Published online by Cambridge University Press: 18 September 2020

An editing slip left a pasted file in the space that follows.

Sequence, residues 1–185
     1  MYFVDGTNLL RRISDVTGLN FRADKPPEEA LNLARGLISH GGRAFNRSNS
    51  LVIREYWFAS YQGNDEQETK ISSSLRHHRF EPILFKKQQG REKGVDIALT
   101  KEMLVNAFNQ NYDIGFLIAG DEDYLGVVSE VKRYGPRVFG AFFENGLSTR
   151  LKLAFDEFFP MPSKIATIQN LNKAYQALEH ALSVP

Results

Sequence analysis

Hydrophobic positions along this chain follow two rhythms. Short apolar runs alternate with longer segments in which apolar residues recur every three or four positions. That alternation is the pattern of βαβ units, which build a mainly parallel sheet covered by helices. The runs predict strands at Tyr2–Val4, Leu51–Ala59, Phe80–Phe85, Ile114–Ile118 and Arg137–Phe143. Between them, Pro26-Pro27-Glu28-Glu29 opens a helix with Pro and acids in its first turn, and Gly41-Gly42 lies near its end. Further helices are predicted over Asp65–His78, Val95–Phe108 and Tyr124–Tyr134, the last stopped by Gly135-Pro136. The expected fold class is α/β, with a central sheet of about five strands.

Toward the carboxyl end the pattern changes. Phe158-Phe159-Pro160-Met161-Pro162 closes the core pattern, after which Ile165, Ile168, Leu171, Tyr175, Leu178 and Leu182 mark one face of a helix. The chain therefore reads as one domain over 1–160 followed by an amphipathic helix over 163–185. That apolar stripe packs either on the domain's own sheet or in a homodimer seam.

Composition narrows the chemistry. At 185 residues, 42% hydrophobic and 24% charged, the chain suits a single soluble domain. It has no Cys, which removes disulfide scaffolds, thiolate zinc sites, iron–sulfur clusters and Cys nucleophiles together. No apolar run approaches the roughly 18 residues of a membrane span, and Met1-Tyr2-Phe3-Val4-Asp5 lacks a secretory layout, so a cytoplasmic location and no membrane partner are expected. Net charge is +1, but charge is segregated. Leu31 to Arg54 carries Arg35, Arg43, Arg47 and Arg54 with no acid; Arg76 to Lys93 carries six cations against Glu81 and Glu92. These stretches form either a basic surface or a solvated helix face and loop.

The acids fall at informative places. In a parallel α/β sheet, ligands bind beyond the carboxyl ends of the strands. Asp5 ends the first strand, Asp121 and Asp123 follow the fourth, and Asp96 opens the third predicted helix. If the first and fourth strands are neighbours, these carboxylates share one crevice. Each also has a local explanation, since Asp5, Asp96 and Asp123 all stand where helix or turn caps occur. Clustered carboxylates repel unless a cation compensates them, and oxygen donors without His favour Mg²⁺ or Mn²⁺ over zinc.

This chapter explores how European colonists in North America struggled to understand, translate, and interpret Native American languages by relying on indigenous interlocutors. European missionaries and indigenous people co-authored an extensive archive of texts in Wampanoag, Mi’kmaq, Mohawk, Abenaki, Illinois, Mahican, Cherokee, and Choctaw, to name just of few of the languages transliterated from the early seventeenth to the late nineteenth centuries. This chapter argues that within this archive language proves resilient, as native interlocutors established forms of rhetorical preservation despite this historical engine of cultural erasure. Moreover, this chapter demonstrates that indigenous and colonial linguistic knowledge exchange impacted the structure of European and Euro-American intellectual history as well as the rise of a national literary culture in the 1810s and 1820s. American letters emerged through a complex engagement with the legacies and aesthetic possibilities of indigenous words.